Accessible Gaming: Game Play
Image: Steve Saylor
Steve Saylor opens in new window is an accessibility advocate, consultant, content creator and Twitch Partner. He has consulted with studios such as Ubisoft opens in new window, Electronic Arts (EA) opens in new window, and most recently Naughty Dog opens in new window on “The Last of Us Part 2.” His YouTube series, The Blind Gamer opens in new window, started in 2015, and has educated viewers on how Steve plays games as a visually impaired gamer and on the importance of accessibility in video games. He’s been featured on CNN opens in new window, CBC opens in new window, BBC opens in new window, NPR opens in new window, USA Today opens in new window, VICE opens in new window, IGN opens in new window, Gamespot opens in new window, and more.
Developing an Understanding
“Video games are so much more than an entertainment medium, they’re a social gathering where people can come together to engage in conversation and create community. Regardless of the platform, device or type of game, anyone who plays can be considered a gamer. The future of gaming is a bright one, and Steve is ensuring that anyone who wants to play has the resources to be able to do so.” (Elle Dhanani, 2021).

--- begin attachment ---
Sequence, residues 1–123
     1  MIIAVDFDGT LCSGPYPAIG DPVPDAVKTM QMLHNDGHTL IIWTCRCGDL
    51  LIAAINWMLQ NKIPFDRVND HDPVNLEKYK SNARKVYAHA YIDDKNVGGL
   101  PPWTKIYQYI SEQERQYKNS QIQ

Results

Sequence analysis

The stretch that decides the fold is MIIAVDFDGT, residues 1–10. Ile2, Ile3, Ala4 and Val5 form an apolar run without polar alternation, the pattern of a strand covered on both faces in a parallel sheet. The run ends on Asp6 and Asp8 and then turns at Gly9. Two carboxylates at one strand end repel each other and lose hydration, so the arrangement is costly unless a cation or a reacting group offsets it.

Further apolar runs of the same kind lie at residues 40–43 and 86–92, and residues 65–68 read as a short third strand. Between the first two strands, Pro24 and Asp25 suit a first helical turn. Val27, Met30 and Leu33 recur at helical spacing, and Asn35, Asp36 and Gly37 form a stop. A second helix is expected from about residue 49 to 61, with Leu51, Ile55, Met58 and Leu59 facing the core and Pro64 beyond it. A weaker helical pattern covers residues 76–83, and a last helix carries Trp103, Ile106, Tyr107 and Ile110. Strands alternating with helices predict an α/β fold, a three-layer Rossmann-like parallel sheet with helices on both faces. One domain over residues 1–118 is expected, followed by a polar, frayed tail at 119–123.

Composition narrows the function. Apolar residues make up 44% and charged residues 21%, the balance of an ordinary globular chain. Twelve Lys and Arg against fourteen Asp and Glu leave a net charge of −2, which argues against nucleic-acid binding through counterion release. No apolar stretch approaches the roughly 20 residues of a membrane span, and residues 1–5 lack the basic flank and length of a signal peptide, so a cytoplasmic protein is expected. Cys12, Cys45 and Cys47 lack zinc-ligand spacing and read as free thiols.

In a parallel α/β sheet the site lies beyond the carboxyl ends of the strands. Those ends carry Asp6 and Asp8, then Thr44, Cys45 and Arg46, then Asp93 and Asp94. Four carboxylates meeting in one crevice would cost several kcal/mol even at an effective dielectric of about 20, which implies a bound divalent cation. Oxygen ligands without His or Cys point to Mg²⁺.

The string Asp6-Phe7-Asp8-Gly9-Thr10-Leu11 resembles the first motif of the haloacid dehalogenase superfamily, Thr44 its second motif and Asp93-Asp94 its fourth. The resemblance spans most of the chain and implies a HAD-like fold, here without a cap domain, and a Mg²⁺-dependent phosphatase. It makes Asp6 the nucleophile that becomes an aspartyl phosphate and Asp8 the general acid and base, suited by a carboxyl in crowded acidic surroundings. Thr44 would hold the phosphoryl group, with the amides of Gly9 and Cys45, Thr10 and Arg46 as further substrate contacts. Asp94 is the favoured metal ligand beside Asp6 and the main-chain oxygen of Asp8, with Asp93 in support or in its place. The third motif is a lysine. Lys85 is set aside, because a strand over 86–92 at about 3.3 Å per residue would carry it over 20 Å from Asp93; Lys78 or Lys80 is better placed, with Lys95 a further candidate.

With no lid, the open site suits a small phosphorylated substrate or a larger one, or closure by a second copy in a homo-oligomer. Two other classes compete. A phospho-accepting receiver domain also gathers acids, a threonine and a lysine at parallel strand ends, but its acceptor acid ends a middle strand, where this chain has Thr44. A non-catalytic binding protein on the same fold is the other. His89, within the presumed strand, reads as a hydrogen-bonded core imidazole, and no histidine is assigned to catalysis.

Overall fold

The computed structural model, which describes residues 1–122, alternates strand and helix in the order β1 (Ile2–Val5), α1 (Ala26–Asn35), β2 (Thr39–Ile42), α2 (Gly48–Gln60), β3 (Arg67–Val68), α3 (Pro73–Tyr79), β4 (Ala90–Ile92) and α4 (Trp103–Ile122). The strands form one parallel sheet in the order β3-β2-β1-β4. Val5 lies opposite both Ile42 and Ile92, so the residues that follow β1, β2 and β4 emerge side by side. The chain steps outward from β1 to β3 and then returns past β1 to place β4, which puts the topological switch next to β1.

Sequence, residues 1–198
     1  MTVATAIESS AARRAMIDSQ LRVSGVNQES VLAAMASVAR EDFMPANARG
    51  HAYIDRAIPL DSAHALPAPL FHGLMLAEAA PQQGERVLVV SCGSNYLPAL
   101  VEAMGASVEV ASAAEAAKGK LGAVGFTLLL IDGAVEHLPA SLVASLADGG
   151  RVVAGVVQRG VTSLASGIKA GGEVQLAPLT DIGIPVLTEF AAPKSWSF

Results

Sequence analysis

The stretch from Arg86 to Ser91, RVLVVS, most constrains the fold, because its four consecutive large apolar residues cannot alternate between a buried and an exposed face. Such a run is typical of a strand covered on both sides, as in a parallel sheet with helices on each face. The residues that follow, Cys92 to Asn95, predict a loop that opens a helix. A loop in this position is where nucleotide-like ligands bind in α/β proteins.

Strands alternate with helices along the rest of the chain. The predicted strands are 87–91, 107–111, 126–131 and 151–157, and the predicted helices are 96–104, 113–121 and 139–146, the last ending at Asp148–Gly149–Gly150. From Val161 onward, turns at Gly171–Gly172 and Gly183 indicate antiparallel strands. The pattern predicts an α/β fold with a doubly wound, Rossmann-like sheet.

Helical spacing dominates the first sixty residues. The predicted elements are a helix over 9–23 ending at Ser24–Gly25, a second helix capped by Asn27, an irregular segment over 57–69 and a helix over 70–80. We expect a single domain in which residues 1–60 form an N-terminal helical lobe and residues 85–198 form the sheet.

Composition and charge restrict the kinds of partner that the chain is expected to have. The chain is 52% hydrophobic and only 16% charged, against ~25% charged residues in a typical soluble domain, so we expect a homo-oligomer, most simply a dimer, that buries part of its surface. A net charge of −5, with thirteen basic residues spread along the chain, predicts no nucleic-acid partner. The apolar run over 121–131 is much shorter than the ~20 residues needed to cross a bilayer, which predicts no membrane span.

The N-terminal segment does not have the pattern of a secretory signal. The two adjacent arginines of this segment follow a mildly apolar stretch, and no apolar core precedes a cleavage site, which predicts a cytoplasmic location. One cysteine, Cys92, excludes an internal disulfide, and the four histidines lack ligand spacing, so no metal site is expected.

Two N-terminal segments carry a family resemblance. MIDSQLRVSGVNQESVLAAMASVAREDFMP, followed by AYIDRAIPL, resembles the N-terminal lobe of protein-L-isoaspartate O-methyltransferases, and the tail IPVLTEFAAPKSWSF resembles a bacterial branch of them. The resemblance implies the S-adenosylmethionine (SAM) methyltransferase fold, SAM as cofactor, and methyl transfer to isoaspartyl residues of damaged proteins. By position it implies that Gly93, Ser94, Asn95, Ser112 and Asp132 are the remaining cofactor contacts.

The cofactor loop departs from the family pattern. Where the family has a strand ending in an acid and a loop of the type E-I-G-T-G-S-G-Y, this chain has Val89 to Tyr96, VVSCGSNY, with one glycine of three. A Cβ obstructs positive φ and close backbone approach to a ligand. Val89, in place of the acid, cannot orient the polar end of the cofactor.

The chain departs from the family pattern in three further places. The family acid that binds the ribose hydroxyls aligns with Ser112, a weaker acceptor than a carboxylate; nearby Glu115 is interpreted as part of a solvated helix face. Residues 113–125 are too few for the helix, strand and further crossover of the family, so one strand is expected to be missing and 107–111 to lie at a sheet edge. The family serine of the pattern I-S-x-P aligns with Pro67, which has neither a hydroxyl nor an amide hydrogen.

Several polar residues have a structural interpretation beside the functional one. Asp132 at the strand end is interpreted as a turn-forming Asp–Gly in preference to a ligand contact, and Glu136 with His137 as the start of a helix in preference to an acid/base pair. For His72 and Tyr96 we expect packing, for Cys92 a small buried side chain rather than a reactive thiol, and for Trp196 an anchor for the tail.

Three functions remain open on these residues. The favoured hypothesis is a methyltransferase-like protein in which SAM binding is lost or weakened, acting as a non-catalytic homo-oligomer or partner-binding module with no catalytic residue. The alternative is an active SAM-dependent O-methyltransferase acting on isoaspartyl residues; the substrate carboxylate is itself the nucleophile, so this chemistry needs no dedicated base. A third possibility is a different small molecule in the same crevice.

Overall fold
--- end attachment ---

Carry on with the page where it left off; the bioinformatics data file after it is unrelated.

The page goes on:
In this interview, Crip Culture: Accessibility in Gaming with Steve Saylor opens in new window, Elle Dhanani discusses accessibility in gaming with Steve Saylor.
Steve created a series of videos for this course.
Steve Saylor introduces himself with a description of what he looks like, describes the role of an accessibility consultant, and summarizes the following videos in this series.
Steve discusses the history of accessibility in video games including the founding of the International Game Developers Association opens in new window (IGDA) Special Interest Group in 2003 and AbleGamers opens in new window in 2004 as well as accessibility developments in gaming since 2010.
Steve offers a brief overview of video game hardware including goggles opens in new window for people who are blind or have low vision, adaptive controllers for Nintendo opens in new window, Xbox opens in new window, and PlayStation opens in new window, and a vest opens in new window that provides vibration and haptic feedback for people who are d/Deaf or hard of hearing.
Steve reviews video game accessibility for players who are blind or have low vision, are d/Deaf or hard of hearing, have motor disabilities as well as adjustments to game difficulty.
Steve reviews the accessibility features of popular gaming platforms.
In his conclusion, Steve reminds us that accessibility is for everyone. He also discusses the importance of building accessibility into the design of video games from the very beginning.